With gospel music, prayer and allusions to Jesus and the Rev. Martin Luther King Jr., the passion and pageantry of Zeph Baker’s announcement today that he’s running for Columbus mayor was more like a church service than a political event.
“Everyone can be great because everyone can serve,” Baker quoted King to about 200 people who packed the Columbus Government Center plaza to support him. The Columbus native pledged he would bring to the mayor’s office “a perspective of inclusive prosperity,” adding, “I believe our best days are ahead of us.”
Baker, 33, is a 1994 Carver High School graduate who in 1999 got a bachelor’s degree in biology from Columbus State University. He said he’s a business owner and community leader, having worked in real estate since age 20 and directed programs for Spirit Filled Ministries, which is run by his father, the Rev. Wayne Baker. The candidate has three children, two sons ages 10 and 12 and a daughter, 9.
Former Columbus NAACP President Bill Madison told the crowd that he for years knew the younger Baker to be “a very good son,” and added, “But more important than that, he is a very good father…. He is a man of character.”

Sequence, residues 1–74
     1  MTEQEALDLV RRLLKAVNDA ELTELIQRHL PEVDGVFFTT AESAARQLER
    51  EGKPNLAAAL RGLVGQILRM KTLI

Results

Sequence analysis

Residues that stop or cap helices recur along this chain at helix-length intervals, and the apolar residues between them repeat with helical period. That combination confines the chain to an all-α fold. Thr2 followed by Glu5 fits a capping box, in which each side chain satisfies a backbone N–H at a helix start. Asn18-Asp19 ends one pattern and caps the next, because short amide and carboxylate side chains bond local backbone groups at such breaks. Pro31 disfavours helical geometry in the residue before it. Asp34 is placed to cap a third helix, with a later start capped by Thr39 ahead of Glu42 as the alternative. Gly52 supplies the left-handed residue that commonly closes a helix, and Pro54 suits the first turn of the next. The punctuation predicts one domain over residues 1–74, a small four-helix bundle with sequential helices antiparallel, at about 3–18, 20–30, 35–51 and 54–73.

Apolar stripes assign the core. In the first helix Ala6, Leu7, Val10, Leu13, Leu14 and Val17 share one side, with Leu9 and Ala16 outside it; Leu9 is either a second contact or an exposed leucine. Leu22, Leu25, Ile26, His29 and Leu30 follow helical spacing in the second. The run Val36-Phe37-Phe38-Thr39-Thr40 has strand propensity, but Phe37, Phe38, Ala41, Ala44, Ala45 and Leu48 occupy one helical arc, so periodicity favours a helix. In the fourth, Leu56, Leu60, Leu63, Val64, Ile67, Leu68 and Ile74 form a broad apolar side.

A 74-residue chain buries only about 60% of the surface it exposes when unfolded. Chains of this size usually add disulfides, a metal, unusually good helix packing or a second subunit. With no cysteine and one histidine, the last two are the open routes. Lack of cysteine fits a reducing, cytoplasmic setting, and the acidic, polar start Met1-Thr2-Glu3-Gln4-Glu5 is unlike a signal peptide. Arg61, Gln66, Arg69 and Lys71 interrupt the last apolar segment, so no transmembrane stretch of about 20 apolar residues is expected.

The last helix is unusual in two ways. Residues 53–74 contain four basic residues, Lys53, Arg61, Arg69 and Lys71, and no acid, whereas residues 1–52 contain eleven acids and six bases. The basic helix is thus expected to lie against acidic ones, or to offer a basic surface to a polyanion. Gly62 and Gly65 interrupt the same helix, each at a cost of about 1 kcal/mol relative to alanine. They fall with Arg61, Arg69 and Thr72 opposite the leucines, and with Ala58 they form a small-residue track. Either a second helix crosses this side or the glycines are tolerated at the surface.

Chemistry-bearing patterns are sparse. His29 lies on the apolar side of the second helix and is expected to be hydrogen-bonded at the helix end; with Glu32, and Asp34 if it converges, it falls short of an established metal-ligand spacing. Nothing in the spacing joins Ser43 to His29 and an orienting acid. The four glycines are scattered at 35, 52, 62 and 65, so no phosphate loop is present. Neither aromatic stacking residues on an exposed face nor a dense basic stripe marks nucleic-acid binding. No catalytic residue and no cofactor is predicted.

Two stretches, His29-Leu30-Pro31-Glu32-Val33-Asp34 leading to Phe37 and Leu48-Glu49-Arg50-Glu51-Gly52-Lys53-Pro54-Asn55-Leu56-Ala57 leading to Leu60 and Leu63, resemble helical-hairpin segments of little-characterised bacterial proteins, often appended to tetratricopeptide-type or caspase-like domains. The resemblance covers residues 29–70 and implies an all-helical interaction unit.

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Zeph Baker spoke after supporters led the audience in singing “This Little Light of Mine,” the third church song chosen for the occasion.
He had a speech prepared, but added flourishes such as the geographic references in this line: “As I spoke to our neighbors about their families, their jobs, their challenges and most importantly their dreams, I realized that no matter in what area of the city we reside – be it the curbs of Cusseta Road or the grasses of Green Island Hills – we share a common interest for the economic vitality of this city, the safety of our communities, and the opportunity to pursue our American dreams.”
He proposed a five-point plan for his campaign, promising:
-- To bring Columbus well-paying jobs and “to encourage and support small business growth from within our own residents.
-- To ensure residents’ safety. “Feeling safe cannot be a reality that is determined by ZIP code,” he said.
-- To promote education and maintain a partnership between the city and the Muscogee school board.
-- To make sure the city is fiscally accountable and its government is transparent.
-- To “champion green technology” to protect the local environment.
Baker ran as an independent in 2008 against incumbent Democrat House District 129 Rep. Calvin Smyre of Columbus, who won with 8,749 votes to Baker’s 3,013. Smyre has represented Columbus in the Georgia General Assembly since 1974.
Other candidates vying to succeed Jim Wetherington as mayor include citywide Columbus Council representative Wayne Anthony, attorney and MidTown Inc. Executive Director Teresa Tomlinson and businessman Randall Eugene Bergman.